Stories about Free Expression from May, 2013
Interview: Ali Abdulemam on Human Rights in Bahrain
Bahraini blogger, political activist, and Global Voices author Ali Abdulemam, who had been living in hiding in Bahrain for two years, appeared in London in early May, where he has been granted political asylum by the British government. Global Voices Advocacy Director Hisham Almiraat interviewed Abdulemam shortly after his escape from the island nation.
South Korea's Child Porn Law Blasted for Restricting Freedom of Expression
A new youth protection law in South Korea, meant to protect children by clamping down on child pornography, is being assailed for its broad language that labels net users who unknowingly download suspicious content and artists who depict children in their work as criminals.
Copyright Amendment Could Bring Web Filter System to Taiwan
Many Taiwanese believe that a recent proposed copyright amendment put forward by the government is a setback for democracy. The amendment would provide legal ground for ISP-level blocking of websites that violate copyright restrictions.
A Technological Solution to the Challenges of Online Defamation
When people are insulted or humiliated on the Internet, they often feel that someone should pay for the personal damages inflicted. Search engines have been this "someone" in many online defamation cases, a process that often results in search engines being forced to remove large amounts of content from search results. Is this the only way to address the issue? What if we could use technology to help satisfy the problem instead?
14-year-old Citizen Journalist Killed Covering Clashes in Syria
Omar Qatifaan, a 14-year-old media activist, was killed while covering clashes between pro- and anti-government forces in the southern Daraa al-Ballad area of Syria near the border with Jordan.
Advocates Challenge Use of FinFisher Surveillance Software in Pakistan
The Pakistani human rights organisation Bytes for All is challenging the use of invasive surveillance software by the government of Pakistan. FinFisher, produced by Gamma International, a UK-based company named by Reporters Without Borders as one of five "corporate enemies of the internet" and "digital era mercenaries," is notorious for its advanced spying and surveillance capabilities which are used to target human rights movements all over the world.
Thailand Threatens to Censor Online Critics of Prime Minister
In the wake of the Thai government's lawsuit against cartoonist Chai Rachawat, the country's Minister of Information and Communications Technology has warned that websites containing defamatory remarks against the Prime Minister will be immediately shut down.
Irrepressible Voices: A New Human Rights Video Website
This post introduces the newly launched project Irrepressible Voices, a citizen video platform. Irrepressible Voices aims to fill the gap between citizen journalists' work and mainstream media coverage of human rights issues by connecting online activists, bloggers, and citizen journalists with the mainstream media as well as with policy and decision makers.
Bahrain Jails Six Twitter Users for Insulting King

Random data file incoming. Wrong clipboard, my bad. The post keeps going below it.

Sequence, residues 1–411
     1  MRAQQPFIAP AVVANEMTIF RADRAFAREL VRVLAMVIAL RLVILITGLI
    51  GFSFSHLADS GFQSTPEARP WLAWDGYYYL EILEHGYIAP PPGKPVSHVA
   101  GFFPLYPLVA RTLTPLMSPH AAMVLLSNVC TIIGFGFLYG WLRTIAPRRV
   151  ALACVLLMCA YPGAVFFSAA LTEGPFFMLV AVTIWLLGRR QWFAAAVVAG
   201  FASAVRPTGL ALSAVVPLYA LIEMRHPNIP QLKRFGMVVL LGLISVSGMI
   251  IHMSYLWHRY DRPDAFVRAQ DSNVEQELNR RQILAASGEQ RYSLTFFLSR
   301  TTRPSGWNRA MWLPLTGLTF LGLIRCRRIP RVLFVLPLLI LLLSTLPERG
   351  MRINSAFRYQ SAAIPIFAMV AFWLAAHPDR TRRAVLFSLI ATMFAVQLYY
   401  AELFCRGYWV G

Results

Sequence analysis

Six Twitter users were sentenced to a year in prison each by a Bahrain court last week for allegedly insulting King Hamad bin Isa Al Khalifa on the micro-blogging site.
Chad-Senegal: A New Axis of Blogger Persecution?
On May 7, Chadian blogger Makaila Nguébla, who had lived in exile in Senegal for eight years, was arrested by Senegalese intelligence services and deported to Conakry (Republic of Guinea) from Dakar. Nguébla is the editor of the collective blog Makaila Info, an information and opinion site that is highly popular among Chadians inside the country and abroad. Advocates fear this may be part of a larger trend of online censorship and blogger persecution in Chad.
Interview: Chadian Blogger and Journalist Expelled from Senegal to Guinea
The Senegalese government expelled Chadian journalist and blogger Makaila Nguebla on May 8, 2013, sending him to Guinea. He explained his situation in an interview with Global Voices' Anna Guèye.
Hungary: Government Limits FOIA Transparency Law
Last week, Parliamentarians in Hungary took action to change the country's Freedom of Information Act (FOIA) in an effort to limit the scope of data accessible to the public under the law. The Freedom of Information Act, known as Act CXII of 2011 in Hungary, is vital to the work of Hungarian journalists who cover government activity and corruption. If President János Áder signs the amendment, it will become law.
Malaysia: News Sites Face Attacks on Eve of Elections
The general election campaign period in Malaysia has triggered what independent news site MalaysiaKini is calling “China-style censorship.” In recent weeks, independent news sites Harakah Daily and MalaysiaKini have suffered from DDoS attacks and connection disruption at the ISP level. With elections on May 5, both sites are calling on ISPs and government officials to protect the open Internet.
In Violation of Constitution, Ethiopian Blogger Will Face 18 Years in Prison
On May 1, the Ethiopian Supreme Court upheld the conviction and extreme sentence of award-winning online journalist Eskinder Nega, who now faces 18 years in prison. Mohamed Keita of the Committee to Protect Journalists said in response to the Court’s ruling, “The persecution of Eskinder and other journalists is the hallmark of a regime fearful of the opinions of its citizens.”
TPP: Biggest Threat to Global Internet Since ACTA?
The United States and ten governments from around the Pacific region will soon meet to hash out the Trans-Pacific Partnership trade agreement (TPP). Negotiations of the agreement have been secretive from the beginning of the process, but based on leaked documents and the undemocratic nature of the entire process, advocates have every reason to be alarmed about the copyright enforcement provisions contained in this multinational trade deal.